The Daddler fell yesterday. He was making coffee. Said he got light-headed and his knee went out. It's a regular thing for him to feel weak when he first gets up in the morning. It's called orthostatic hypotension. This is the first time he's fallen, though.
I took him to the doctor this morning. He had the usual stuff done, plus an X-ray of his knee (it was a little swollen), an ECG, and extensive bloodwork. Everything looked fine. We'll get the lab results Monday. He's still walking the dog and keeping his usual routine.
I worry, though. This morning, I was upstairs making my morning ablutions, when I heard an ambulance siren. I wasn't sure he'd gotten back from his walk. I hurried down the stairs to see if he was home. I was relieved to see him parked in his recliner, with Lucy in her chair. Which reminds me. She has chewed half the arms off the chair. I keep meaning to put Tabasco on them. By now it's too late. It's ruined. I wonder if she's part beaver. I've lost at least five pairs of shoes and assorted other things. Her chewing includes, but is not limited to, a bottle of nail polish, a string of rusty nails, a dried up squirrel carcas, a kite, and the hose to the shop-vac. This, in spite of $40 worth of chew toys. Oh, well.
Back to The D's doctor's visit. From the time we walked out the door until the time we got back home, he instructed me on every single turn, parking space, elevator location, exit from the professional building and the parking garage, entrance to and exit from Wendy's drive-through, stop-lights, etc. Keep in mind that each command was issued a minimum of two times in a harsh tone. We used to call him Sarge. As in drill sergeant. When he does this, I get flustered, and turn the wrong way (I went to the second floor of the parking garage instead of toward the exit), which reinforces his behavior.
Usually, I can let it roll off my back. This time, though, I was in tears by the time I signed him in at the doc's. The sweet receptionist gave me a hug. This isn't the first time she's seen me cry. The first few times I went after Mother died, I got very emotional. I guess this goes with the territory.
While we were on our way to Wendy's (his Shangri-la), the song, Breathe: 2 AM, by Anna Nalick, came on the radio. It made me cry more, but it consoled me, too. I don't let him see me cry. Not that he would notice.
Even though I've failed him many times, (his pill boxes run out for a day or two before he tells me so I can refill them, I forget about his lunch or dinner), when it comes to his health, I've vigilant. I've been to countless doctors' visits. And trips for lab work, and diagnostic and outpatient procedures. I've spent so many hours on his medicine, including a multude of phone calls and trips to the pharmacy. The doctors love my elaborate spreadsheet of his meds, including whether he takes them in the AM or PM, a list of his specialists (complete with phone numbers and which prescriptions each one writes), and all his contact information. I love the spreadsheet more, because all I have to do is print the updated one before each appointment and hand it to the nurse. Only once did I have to fill out the stupid form instead of writing "See attached."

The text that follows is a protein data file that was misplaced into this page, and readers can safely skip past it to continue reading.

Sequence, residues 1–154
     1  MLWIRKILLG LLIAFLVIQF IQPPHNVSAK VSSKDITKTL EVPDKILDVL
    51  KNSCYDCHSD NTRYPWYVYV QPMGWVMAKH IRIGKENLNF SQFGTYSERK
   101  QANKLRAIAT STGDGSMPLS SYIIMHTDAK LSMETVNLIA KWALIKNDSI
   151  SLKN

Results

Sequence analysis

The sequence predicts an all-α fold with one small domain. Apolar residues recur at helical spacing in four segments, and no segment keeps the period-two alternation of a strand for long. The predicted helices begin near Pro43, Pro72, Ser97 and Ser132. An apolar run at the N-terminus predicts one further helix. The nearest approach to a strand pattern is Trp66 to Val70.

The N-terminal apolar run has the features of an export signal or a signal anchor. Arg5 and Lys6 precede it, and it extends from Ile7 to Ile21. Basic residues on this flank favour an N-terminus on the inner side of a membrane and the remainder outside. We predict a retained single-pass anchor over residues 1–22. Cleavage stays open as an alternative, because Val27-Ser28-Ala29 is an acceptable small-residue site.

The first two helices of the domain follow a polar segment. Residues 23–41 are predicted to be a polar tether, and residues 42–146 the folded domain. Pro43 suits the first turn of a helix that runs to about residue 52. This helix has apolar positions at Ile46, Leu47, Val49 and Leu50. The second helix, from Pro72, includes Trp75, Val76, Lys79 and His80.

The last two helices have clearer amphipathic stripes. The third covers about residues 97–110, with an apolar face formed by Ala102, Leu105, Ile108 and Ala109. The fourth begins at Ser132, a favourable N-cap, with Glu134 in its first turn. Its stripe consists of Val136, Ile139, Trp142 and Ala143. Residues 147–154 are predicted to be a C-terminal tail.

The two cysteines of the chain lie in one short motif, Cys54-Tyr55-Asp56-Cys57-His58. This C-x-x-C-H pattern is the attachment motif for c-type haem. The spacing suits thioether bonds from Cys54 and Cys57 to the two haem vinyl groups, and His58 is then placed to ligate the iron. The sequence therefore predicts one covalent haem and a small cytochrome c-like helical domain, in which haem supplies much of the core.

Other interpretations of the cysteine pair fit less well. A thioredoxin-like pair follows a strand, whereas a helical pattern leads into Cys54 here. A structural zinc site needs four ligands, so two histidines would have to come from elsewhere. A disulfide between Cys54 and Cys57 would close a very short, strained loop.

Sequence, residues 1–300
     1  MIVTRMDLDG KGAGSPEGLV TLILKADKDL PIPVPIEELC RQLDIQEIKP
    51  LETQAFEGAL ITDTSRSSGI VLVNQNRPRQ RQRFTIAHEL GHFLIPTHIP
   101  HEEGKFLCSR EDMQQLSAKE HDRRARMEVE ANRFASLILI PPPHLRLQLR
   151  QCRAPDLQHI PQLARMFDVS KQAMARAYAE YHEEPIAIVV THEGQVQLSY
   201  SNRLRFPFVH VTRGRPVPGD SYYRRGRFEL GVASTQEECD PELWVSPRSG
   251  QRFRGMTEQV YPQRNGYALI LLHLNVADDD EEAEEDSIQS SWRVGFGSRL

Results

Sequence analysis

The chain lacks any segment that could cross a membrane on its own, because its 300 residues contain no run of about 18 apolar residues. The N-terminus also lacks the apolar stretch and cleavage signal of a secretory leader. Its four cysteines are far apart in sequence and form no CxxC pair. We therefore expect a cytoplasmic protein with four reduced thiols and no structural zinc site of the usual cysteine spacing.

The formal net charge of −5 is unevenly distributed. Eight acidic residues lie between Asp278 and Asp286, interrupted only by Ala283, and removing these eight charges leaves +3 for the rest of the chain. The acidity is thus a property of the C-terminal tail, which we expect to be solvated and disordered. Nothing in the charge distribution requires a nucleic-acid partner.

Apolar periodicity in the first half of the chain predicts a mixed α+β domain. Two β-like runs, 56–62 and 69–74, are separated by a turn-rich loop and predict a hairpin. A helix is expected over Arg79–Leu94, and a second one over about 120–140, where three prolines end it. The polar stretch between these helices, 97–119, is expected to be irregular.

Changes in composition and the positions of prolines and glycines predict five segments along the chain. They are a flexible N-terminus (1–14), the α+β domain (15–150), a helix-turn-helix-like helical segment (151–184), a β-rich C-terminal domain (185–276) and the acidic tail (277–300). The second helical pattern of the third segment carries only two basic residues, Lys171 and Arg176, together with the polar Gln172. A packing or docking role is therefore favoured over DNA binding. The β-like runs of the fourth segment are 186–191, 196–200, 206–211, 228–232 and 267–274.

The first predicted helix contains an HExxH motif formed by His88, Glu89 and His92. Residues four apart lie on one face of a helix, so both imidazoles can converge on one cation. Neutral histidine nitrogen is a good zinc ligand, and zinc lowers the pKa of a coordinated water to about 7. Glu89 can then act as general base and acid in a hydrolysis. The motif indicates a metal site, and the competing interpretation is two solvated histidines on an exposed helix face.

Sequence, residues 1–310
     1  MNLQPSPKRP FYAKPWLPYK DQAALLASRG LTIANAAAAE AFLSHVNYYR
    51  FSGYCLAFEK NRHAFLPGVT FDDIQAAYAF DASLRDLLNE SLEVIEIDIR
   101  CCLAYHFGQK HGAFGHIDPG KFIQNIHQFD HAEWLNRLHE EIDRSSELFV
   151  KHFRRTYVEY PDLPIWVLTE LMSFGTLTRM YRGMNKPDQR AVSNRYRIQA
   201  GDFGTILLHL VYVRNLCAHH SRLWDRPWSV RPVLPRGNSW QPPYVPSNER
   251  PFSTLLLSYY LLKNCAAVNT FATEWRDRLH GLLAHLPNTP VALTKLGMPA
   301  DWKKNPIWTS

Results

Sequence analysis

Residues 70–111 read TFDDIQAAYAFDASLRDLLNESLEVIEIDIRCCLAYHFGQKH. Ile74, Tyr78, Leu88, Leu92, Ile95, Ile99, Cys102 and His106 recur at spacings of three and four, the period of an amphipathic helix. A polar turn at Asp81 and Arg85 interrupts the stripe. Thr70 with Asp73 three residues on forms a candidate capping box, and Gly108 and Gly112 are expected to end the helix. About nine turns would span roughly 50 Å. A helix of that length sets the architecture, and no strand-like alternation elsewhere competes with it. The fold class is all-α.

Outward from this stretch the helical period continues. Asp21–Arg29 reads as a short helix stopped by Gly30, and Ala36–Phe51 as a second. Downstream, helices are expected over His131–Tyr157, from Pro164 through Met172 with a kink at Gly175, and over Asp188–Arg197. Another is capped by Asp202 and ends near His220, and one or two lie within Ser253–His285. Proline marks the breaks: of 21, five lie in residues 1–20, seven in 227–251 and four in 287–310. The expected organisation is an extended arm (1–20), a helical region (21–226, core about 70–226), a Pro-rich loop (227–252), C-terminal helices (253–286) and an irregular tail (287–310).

On that note, I need to catch up on laundry, make some muffins (he's out), clean up the kitchen and figure out dinner. I still need to do his tax return. Which is very complicated with all the medical expenses.
And remember to just breathe.
Over and out...
Welcome to my world!
My life's been crazy since my Daddy moved in with me immediately after my mother's death in October 2010. My one and only kiddo headed to college at Carolina at the end of August. So...I lived on my own, for the first time in my life, for a total of a blissful six weeks. Then, I started the parenting gig with my dad. He's a combination of a grouchy old man, a surly teenager and a temperamental toddler. Needless to say, I get very close to the brink of insanity sometimes. I get through life by finding the humor in difficult circumstances. And for some reason, I wind up in the weirdest situations. I couldn't make this stuff up. So I wind up having lots and lots crazy adventures which make great stories to share with my friends. Writing about my life is so therapeutic. My ramblings range from funny to sad to angry (full of cuss words) to sweet. While my focus is dealing with the trials and tribulations of being a parent to my Daddy, I have lots of random, totally unrelated posts. Whatever's on my mind. I love to make people laugh, and I'm happy to think my readers will get my strange sense of humor. And maybe, people who are in my situation will be encouraged. That's all I can hope for...